Black-capped Petrels tagged in pioneering study


Satellite tags have been fitted to 10 Black-capped Petrels in the western North Atlantic this spring as part of an ambitious new project.

It is anticipated that the birds, which were all caught at sea in US waters off Cape Hatteras, North Carolina, will produce significant data with regards to where they go in their daily lives – and scientists are even hopeful of identifying new breeding grounds.

Ten Black-capped Petrels were tagged at sea off Cape Hatteras, North Carolina (Richard Bonser).

Black-capped Petrel was once an abundant breeding species on several Caribbean islands, but introduced predators and hunting reduced it perilously close to extinction. Nowadays, Hispaniola (Dominican Republic and Haiti) is the only island on which it is known to breed – though it is suspected also to nest on Dominica.

The species is routinely seen in the Gulf Stream off the Eastern Seaboard of the US, often in good numbers off Cape Hatteras, and its estimated global population stands at 1,500 pairs. However, scientists know of only about 50 nest sites, hence scientists have high hopes that the tagged birds will reveal some surprises.

Two forms of Black-capped Petrel exist: more specifically, some have dark faces, while the others have white faces. It is suspected that these two variations reflect the existence of two groups of the species that nest at different localities (this phenomenon is known from other seabird species). The team of scientists managed to catch and fit tags to petrels matching both phenotypes and they wait with anticipation if any variation in breeding location or overall behaviour is apparent.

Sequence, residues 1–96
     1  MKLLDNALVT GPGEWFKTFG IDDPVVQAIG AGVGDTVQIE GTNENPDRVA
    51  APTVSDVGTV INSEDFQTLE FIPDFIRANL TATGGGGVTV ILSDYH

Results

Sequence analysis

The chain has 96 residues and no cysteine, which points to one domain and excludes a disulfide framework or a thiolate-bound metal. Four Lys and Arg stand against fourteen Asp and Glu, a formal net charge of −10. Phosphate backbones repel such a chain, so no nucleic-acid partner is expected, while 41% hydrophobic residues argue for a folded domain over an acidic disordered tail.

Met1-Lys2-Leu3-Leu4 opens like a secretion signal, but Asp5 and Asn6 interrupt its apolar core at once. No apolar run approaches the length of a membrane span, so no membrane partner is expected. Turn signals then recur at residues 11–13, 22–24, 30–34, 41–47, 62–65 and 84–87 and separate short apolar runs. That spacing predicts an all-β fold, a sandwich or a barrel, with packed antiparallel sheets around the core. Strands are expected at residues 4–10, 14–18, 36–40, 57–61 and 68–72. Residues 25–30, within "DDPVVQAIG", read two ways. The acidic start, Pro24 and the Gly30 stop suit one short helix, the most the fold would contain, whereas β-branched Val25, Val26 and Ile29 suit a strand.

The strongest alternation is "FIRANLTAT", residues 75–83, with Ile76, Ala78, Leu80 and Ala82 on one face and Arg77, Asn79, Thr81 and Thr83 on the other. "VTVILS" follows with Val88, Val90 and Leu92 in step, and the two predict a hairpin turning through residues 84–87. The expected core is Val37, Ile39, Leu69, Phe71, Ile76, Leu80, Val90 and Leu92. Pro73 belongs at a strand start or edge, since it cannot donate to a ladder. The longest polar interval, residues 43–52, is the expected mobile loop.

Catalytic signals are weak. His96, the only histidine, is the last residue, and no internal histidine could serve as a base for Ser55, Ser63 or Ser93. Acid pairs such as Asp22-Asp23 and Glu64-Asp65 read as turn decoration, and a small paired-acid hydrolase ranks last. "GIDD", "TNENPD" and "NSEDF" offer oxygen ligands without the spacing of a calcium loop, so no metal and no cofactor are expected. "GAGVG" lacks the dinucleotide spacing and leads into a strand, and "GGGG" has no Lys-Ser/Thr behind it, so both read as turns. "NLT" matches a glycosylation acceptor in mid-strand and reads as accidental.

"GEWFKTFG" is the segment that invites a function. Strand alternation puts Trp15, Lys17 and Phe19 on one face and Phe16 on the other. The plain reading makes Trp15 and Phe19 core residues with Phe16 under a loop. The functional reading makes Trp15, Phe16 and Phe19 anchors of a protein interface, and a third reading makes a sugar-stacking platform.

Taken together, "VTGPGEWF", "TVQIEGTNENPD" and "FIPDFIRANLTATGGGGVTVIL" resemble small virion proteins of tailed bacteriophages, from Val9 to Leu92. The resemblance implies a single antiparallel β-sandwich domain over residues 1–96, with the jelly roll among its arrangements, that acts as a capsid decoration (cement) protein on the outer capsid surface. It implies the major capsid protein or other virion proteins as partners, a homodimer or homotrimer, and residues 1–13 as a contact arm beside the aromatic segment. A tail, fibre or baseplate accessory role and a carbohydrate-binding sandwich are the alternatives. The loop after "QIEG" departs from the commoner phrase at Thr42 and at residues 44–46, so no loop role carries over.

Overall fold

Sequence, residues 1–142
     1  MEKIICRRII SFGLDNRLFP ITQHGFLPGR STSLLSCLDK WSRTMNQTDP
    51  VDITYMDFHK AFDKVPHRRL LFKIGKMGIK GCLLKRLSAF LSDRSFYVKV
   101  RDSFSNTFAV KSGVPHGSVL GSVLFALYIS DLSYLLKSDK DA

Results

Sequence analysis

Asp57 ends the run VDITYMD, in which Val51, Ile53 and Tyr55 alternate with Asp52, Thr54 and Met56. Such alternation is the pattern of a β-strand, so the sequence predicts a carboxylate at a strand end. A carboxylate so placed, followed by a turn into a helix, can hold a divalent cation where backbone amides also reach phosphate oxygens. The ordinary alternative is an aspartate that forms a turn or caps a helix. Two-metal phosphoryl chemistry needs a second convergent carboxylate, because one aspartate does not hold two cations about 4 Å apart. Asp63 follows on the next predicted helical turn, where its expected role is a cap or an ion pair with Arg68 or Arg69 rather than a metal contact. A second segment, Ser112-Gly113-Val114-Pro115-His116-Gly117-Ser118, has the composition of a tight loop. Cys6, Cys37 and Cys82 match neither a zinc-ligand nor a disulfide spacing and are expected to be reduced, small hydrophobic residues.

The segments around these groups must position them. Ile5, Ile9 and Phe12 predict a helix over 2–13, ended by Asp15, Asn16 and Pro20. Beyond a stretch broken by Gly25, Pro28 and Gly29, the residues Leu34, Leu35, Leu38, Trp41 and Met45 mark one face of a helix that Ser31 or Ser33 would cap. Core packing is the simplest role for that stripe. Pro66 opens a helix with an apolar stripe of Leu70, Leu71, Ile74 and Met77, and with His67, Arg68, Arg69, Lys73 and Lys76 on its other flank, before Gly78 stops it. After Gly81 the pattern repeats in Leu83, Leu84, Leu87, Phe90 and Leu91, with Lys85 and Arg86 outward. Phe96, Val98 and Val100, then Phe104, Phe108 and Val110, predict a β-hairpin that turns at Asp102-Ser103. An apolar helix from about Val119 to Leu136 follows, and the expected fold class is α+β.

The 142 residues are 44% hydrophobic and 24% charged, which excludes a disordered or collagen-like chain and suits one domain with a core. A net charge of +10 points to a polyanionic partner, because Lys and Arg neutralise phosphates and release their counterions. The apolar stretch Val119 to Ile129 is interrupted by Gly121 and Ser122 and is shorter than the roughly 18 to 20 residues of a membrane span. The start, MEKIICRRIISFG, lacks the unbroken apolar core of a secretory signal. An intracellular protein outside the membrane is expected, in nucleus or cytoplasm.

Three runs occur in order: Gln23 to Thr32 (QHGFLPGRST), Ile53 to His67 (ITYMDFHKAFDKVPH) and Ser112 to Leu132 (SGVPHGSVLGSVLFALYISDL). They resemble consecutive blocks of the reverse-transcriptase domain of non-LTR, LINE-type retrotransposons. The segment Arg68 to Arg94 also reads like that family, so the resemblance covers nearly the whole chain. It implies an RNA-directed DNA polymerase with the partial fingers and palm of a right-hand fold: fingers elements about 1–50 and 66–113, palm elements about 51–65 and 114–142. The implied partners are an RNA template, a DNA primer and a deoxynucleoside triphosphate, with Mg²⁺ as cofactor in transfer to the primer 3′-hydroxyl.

Two forms of Black-capped Petrel exist: some have dark face while others, such as this bird, have white faces (Richard Bonser).

The tagging efforts took place some 30 miles off Cape Hatteras in May, which is towards the end of the petrels' breeding season (November-June). So far, all 10 birds have remained in the Gulf Stream some 1,000 miles north of the Caribbean islands, suggesting that the birds are not currently breeding – i.e they may have already fledged chicks, failed, or have simply not bred this year. The possibility of all being young birds is also realistic: Black-capped Petrel does not breed until it is at least four years old.

The tags, which are anticipated to last around six months, will allow the researchers to understand how Black-capped Petrel uses the western North Atlantic and potentially identify critical foraging areas. A previous tagging study on the species, which monitored nesting birds, found that breeding petrels around the Caribbean but also in areas of the Gulf of Mexico and off the coast of Venezuela. It's entirely possible that, should the tags continue to transmitter to their full potential, the researchers will find out exactly where the birds go to breed. 

If a new nesting island is discovered, it will represent a major milestone in understanding and conserving the species.